One of the key issues of theoretical modeling of relativistic jets is determining the magnetic field magnitude. There are several theoretical ways to estimate the latter. The Eddington magnetic field (Beskin, 2010) sets up an upper limit on the magnetic field magnitude in the vicinity of a black hole, since it is set by equipartition of magnetic field density and the total energy density in the accreting plasma that is needed to support the Eddington luminosity. The state of magnetically arrested disk (MAD) (Narayan et al., 2003; Tchekhovskoy et al., 2011; McKinney et al., 2012) sets up the limiting magnetic field that can be accreted onto a black hole basing on an assumption that in such a state the pressure of previously accreted magnetic field can affect the dynamical process of accretion itself.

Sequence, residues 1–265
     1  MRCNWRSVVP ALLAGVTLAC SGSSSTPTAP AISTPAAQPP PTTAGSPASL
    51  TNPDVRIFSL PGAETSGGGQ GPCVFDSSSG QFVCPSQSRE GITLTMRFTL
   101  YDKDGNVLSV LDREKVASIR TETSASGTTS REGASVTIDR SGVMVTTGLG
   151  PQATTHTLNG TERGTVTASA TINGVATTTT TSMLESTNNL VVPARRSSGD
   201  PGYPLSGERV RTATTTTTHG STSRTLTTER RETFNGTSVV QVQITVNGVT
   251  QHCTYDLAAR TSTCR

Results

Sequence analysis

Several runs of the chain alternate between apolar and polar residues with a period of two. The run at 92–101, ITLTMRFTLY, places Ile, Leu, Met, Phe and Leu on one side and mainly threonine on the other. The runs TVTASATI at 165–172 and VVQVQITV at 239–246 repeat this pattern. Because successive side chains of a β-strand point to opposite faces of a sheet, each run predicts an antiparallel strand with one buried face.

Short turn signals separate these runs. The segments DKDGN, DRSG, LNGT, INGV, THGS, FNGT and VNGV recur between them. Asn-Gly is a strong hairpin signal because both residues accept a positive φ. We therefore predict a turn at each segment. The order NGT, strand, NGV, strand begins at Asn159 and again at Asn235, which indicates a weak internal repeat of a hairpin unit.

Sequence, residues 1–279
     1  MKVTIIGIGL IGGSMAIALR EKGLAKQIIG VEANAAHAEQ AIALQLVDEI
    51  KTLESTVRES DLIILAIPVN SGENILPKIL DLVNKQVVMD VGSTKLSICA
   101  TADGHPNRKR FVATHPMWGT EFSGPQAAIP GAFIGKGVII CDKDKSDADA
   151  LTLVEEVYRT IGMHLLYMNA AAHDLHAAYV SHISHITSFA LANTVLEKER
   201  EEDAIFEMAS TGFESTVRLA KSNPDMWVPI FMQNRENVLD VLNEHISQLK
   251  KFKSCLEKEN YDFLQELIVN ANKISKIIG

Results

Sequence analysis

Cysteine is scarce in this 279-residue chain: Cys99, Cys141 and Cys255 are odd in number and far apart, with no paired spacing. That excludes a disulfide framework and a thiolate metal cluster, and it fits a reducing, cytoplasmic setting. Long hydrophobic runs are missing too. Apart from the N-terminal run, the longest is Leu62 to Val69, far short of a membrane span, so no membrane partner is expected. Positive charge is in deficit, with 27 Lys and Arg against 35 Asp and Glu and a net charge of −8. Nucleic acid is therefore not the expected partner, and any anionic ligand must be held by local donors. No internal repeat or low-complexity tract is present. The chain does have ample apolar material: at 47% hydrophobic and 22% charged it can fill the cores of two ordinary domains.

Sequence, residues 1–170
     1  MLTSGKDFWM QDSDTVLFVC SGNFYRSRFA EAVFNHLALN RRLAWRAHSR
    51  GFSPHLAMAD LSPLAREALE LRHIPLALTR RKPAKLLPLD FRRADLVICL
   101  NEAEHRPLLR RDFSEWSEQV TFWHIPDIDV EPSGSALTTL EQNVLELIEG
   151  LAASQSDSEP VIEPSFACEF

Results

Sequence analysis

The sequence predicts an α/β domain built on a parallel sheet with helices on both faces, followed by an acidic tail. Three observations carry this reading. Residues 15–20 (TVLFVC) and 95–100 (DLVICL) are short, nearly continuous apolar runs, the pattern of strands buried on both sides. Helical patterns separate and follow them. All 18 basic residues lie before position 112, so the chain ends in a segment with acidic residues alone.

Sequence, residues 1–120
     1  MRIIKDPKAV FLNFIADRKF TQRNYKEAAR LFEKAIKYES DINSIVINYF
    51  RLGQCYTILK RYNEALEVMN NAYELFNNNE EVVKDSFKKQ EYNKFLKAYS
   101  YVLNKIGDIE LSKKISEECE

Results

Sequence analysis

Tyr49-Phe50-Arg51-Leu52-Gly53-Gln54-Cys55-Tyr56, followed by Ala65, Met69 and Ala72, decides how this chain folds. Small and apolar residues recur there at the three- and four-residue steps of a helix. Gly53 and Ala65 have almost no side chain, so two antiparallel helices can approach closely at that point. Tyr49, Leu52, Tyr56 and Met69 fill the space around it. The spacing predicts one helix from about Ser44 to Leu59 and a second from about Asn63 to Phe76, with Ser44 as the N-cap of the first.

There are observational means to evaluate the magnetic field in a jet. Blazar spectrum is successfully modeled by the synchrotron self-Compton model. The lower part of the spectrum is dominated by synchrotron radiation of relativistic plasma in a jet magnetic field. Thus, the high-resolution radio interferometry observations provide us with data for unveiling the physical conditions at the very jet origin—in so called radio core. The way to estimate the magnetic field amplitude through the observations is measurements of core shift effect together with several theoretical assumptions on the radiating volume properties (Lobanov, 1998). However, the measurement of radio flux itself, or, equally, the brightness temperature, can provide us with the instrument to probe the magnetic field magnitude (Zdziarski et al., 2015; Nokhrina, 2017).